No civil action may be commenced by an individual under this section until 60 days after a charge alleging unlawful discrimination has been filed with the Equal Employment Opportunity Commission. Such a charge shall be filed(1) within 180 days after the alleged unlawful practice occurred; or
(2) in a case to which section 633(b) of this title applies, within 300 days after the alleged unlawful practice occurred, or within 30 days after receipt by the individual of notice of termination of proceedings under State law, whichever is earlier.
Upon receiving such a charge, the Commission shall promptly notify all persons named in such charge as prospective defendants in the action and shall promptly seek to eliminate any alleged unlawful practice by informal methods of conciliation, conference, and persuasion.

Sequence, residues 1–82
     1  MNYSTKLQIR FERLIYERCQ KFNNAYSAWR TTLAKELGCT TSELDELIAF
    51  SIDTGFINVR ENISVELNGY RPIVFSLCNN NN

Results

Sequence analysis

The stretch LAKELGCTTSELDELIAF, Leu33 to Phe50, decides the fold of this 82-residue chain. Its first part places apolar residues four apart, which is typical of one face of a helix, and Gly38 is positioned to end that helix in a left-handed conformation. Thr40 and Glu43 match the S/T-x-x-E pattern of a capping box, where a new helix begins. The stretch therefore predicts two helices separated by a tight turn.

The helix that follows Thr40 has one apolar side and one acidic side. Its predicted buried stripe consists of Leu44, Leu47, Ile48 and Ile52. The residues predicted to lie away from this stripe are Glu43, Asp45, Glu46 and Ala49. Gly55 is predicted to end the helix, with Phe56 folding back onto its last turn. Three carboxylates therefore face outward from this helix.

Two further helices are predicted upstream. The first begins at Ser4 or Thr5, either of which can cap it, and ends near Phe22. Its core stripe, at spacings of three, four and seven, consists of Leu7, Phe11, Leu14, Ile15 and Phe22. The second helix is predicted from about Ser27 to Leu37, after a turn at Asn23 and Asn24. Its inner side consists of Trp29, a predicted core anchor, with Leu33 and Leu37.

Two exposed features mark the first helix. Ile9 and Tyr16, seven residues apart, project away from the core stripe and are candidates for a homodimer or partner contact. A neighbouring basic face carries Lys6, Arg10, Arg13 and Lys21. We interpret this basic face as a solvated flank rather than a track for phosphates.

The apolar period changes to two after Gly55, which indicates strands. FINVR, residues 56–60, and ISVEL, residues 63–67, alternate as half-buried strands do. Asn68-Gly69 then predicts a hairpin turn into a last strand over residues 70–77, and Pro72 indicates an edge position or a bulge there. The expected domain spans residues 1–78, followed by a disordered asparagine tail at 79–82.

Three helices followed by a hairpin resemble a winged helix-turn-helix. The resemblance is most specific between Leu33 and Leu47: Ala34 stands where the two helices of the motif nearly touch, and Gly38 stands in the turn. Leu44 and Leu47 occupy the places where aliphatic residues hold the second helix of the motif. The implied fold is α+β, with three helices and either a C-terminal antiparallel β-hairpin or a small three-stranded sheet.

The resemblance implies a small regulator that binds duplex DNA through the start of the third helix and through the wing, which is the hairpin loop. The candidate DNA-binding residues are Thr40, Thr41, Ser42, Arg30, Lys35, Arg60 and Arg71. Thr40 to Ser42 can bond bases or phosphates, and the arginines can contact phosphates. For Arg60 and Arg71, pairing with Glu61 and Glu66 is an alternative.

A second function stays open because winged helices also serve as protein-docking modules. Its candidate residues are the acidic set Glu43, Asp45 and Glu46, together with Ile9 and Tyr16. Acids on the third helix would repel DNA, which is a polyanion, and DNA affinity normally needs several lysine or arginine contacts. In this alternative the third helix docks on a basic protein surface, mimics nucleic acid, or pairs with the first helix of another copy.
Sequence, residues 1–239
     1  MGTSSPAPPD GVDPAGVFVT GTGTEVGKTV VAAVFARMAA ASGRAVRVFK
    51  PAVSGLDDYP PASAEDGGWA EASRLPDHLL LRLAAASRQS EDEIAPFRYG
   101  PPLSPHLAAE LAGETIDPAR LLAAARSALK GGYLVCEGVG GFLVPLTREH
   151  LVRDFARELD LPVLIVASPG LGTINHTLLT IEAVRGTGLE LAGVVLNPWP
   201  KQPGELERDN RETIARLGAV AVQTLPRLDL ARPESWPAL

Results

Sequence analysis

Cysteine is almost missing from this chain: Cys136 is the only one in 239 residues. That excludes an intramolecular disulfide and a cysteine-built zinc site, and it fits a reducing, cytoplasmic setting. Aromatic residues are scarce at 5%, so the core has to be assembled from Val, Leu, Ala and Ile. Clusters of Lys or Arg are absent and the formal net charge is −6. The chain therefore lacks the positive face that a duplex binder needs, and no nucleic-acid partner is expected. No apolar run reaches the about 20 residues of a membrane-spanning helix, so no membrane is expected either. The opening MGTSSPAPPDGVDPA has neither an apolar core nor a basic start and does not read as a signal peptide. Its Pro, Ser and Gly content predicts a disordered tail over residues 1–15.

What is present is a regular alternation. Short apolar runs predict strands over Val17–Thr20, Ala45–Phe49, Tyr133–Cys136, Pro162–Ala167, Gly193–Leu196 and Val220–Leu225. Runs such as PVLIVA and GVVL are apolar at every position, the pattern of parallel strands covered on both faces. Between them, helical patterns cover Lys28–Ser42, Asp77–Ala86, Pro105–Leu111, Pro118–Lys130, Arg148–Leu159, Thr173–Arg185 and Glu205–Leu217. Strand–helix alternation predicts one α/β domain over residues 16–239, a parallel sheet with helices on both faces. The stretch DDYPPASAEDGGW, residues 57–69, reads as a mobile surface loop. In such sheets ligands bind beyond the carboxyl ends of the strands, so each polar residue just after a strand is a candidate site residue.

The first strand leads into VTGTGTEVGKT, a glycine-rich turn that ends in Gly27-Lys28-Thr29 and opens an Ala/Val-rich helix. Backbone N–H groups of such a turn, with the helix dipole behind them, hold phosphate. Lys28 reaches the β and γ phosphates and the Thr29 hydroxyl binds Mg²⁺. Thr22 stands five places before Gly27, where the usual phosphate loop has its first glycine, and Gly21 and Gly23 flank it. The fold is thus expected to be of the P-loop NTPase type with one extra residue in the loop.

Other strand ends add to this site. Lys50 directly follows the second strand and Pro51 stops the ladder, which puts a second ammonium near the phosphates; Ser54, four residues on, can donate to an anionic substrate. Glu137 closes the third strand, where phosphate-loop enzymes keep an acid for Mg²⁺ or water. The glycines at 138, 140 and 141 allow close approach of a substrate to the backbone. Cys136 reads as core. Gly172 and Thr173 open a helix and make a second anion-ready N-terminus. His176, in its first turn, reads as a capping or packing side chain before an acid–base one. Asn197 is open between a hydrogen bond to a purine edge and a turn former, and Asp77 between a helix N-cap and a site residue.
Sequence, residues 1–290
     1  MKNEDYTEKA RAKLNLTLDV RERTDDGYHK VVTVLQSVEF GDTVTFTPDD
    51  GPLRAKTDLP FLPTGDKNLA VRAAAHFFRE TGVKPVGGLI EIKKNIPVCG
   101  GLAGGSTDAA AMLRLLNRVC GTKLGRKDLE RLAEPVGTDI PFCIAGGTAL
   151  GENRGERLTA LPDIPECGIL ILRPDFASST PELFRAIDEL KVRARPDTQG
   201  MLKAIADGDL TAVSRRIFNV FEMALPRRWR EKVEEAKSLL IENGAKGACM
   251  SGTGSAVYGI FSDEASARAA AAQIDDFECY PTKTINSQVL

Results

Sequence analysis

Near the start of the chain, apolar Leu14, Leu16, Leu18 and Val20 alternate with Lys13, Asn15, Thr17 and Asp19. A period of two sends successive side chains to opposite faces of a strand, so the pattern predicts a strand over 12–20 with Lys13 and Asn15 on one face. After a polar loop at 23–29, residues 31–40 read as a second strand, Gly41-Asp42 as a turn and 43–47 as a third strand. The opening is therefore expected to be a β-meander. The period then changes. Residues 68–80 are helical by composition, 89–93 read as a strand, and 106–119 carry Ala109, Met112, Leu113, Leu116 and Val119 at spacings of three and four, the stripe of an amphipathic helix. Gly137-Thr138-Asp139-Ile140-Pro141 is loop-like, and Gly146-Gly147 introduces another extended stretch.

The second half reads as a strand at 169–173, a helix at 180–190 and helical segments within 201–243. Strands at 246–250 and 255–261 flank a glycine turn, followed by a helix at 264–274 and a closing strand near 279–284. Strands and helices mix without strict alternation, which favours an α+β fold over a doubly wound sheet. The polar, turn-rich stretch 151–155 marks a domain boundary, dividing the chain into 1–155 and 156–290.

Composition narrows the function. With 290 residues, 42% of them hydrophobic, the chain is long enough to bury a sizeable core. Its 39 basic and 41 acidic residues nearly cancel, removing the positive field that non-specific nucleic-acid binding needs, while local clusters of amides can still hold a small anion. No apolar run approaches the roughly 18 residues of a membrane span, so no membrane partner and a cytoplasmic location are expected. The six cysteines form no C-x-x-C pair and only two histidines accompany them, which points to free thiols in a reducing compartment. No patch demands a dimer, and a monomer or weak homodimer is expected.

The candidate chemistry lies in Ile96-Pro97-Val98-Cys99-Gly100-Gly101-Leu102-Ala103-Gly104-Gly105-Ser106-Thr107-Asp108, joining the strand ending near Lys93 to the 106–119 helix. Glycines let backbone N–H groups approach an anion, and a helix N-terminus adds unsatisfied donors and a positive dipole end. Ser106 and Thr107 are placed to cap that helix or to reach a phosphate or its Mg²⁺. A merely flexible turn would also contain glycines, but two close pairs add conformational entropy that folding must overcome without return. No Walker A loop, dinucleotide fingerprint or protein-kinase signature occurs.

The district court correctly held that an ADEA action is subject to dismissal if it is commenced without first giving the EEOC 60 days in which to attempt conciliation. This court has held that the 60-day requirement is jurisdictional, distinguishing it from the 180 or 300-day filing requirement of 26 U.S.C. Sec. 621(d)(1) and (2) which is a non-jurisdictional condition akin to a statute of limitations. Wright v. Tennessee, 628 F.2d 949, 953 (6th Cir.1980) (en banc); McTighe v. Mechanic's Educational Society, 772 F.2d 210, 213 (6th Cir.1985). The Ninth Circuit recently reached the same conclusion in Dempsey v. Pacific Bell Co., 789 F.2d 1451, 1453 (1986). The decisions cited by the appellants are not to the contrary. See Zipes v. Trans World Airlines, Inc., 455 U.S. 385, 102 S.Ct. 1127, 71 L.Ed.2d 234 (1982); Stearns v. Consolidated Management, Inc., 747 F.2d 1105 (7th Cir.1984); Vance v. Whirlpool Corp., 707 F.2d 483 (4th Cir.1983), supp. opinion on pet. for reh., 716 F.2d 1010, 1011-12 (4th Cir.1983), cert. denied, 465 U.S. 1102, 104 S.Ct. 1600, 80 L.Ed.2d 130 and 467 U.S. 1226, 104 S.Ct. 2678, 81 L.Ed.2d 873 (1984). These cases all dealt primarily with the filing requirements of Sec. 626(d)(1) and (2) (180 or 300 days), not with the 60-day requirement. Moreover, the court in Vance expressly held that the 60-day requirement is jurisdictional, citing Wright and other decisions. 707 F.2d at 489. The distinction between the two sets of time requirements in Sec. 626(d) is generally recognized.